Let me start by saying that I do not have an answer to the question that I pose.
Mostly, this is me calling out the continued failure of the Cardinals front office and the their affinity to sit on their hands. Specifically, their failure to address the desperate need for Major League starting pitching.
I mention Rick Porcello, by name, but not because I feel he would be some sort of savior for the team, but because he is a nice all-inclusive example of the issue. Burying the lede, I guess, but I will address Porcello later on.
Let’s talk about this rotation.
Here are the bullet points:
- May 31st – Jack Flaherty out indefinitely with oblique injury
- June 2nd – Carlos Martinez allows 10 ER in 0.2 IP, has in 9.47 ERA and 18:13 K:BB over his next 4 starts.
- June 4th – Kwang Hyun Kim goes on IL (returned June 15th)
- June 5th – Johan Oviedo, who had 3 K’s and 11 BB’s in his 2 previous starts, becomes permanent member of rotation. He has pitched 5+ IP twice in 8 starts, the team is 2-6 in those games.
- June 6th-23rd – John Gant has a 11.57 ERA and 11:14 K:BB over 4 starts.
As of 3 weeks ago, the Cardinals had 2 members of their rotation on the IL (3 if you count Mikolas). On that premise alone, starting pitching was a need going forward.
They were also aware of the cracks in John Gant’s profile (and they were exposed immediately, naturally) and they were turning over a rotation spot to Oviedo — a AAA pitcher in terms of development that keeps being forced into spotty MLB action. Plus an implosion by Martinez. The need has only been amplified.
Since June 1st, the rotation has a 6.29 ERA, 11.8% BB%, and are averaging 4-2/3 innings per start, boosted by Adam Wainwright throwing 6-2/3 innings on average.
So they added arms, right?
No. Andrew Miller came off the IL as the first dice to fall. And then…they added Wade LeBlanc a week ago. It was an uninspiring depth move, but one that I was excited to finally see. It took too long to happen. All other moves were minor league additions to backfill innings at those levels, but not to provide impact to the big league team.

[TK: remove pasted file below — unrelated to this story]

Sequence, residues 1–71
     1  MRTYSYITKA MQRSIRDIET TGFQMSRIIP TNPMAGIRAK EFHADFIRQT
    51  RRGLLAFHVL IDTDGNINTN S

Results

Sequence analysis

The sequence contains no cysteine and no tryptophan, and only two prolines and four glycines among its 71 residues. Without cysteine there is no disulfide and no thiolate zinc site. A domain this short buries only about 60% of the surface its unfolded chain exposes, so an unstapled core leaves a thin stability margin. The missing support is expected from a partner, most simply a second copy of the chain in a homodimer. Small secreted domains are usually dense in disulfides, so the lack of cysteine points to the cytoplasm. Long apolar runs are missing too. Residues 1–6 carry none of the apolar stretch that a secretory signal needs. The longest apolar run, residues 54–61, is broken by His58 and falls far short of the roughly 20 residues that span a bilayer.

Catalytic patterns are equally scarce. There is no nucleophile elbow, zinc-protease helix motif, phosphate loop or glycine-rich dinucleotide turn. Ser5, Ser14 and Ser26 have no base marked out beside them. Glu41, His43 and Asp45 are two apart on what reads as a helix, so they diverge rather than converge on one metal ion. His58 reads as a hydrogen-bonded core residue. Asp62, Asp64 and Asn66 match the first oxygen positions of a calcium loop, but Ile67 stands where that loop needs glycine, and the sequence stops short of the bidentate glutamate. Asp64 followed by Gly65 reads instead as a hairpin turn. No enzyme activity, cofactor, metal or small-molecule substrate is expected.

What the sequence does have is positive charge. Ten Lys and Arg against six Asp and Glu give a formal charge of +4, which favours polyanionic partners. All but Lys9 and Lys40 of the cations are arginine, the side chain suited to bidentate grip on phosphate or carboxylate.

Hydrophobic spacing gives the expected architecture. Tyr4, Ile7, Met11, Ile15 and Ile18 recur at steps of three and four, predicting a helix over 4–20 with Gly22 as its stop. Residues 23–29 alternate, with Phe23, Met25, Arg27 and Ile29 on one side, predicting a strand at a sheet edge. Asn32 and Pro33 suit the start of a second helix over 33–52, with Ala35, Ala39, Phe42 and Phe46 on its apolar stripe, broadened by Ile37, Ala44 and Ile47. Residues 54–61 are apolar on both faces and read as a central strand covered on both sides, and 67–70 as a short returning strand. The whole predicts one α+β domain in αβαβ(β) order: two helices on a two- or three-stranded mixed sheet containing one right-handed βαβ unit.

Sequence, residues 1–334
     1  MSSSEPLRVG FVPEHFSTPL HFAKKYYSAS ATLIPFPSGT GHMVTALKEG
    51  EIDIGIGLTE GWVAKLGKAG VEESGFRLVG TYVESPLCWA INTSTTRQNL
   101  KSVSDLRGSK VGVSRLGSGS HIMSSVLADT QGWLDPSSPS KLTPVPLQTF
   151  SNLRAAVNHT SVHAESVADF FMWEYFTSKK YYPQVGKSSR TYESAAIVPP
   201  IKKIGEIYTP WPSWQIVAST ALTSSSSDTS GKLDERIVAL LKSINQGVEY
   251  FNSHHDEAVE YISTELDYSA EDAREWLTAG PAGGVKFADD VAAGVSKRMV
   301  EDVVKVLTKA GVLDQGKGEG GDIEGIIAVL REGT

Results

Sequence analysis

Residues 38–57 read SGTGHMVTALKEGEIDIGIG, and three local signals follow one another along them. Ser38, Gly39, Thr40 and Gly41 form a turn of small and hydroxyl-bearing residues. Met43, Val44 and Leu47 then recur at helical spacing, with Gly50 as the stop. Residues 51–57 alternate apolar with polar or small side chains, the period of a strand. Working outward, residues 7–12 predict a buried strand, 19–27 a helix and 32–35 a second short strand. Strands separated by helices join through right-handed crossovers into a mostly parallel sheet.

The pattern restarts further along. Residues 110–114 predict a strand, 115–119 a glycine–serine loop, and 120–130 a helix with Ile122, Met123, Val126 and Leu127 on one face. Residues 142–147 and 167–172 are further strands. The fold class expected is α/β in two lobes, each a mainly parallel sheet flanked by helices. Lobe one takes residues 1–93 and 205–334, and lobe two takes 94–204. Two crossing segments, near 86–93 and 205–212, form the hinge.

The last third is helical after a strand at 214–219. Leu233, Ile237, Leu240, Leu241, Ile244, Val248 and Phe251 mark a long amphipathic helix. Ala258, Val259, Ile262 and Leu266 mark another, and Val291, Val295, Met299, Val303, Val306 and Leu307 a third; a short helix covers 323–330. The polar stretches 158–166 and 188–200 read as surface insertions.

So now, as Kim and Wainwright start a new turn of the rotation, the Cardinals reasonably could, should, replace 3/5 of their starters before their next start. I expect LeBlanc will get a chance to start in the next week. The expectations won’t be high, and he allowed a couple HRs in mop-up duty on Thursday, but the guy at least throws strikes. He has given only 1 walk in his 6-2/3 innings with the Cardinals. That’s a positive.
They may not swap out 3 starters, but in addition to LeBlanc, we should be seeing at least one more new face. Could that be Jake Woodford? I don’t know how many pitches he could reasonably be expected to throw and he has often needed bailed out mid-inning this season. How deep in the game could he get? Also, with a 12.3% walk-rate of his own, this does nothing to correct the present issues with the Oviedo/Martinez/Gant portion of the rotation.
It may be rushing him a bit, but promoting top pitching prospect Matthew Liberatore should be on the table. Last night for Memphis, he rebounded from a bad 1st inning to strike out 9 in 5-1/3 innings. His overall numbers aren’t eyepopping, but it may be time to be bold.
Now, about Rick Porcello.
Nearly a month ago, when injuries hit the rotation, John Mozeliak dismissed the idea of signing free agent pitchers. This is what he said in an article by Rick Hummel of the St. Louis Post-Dispatch: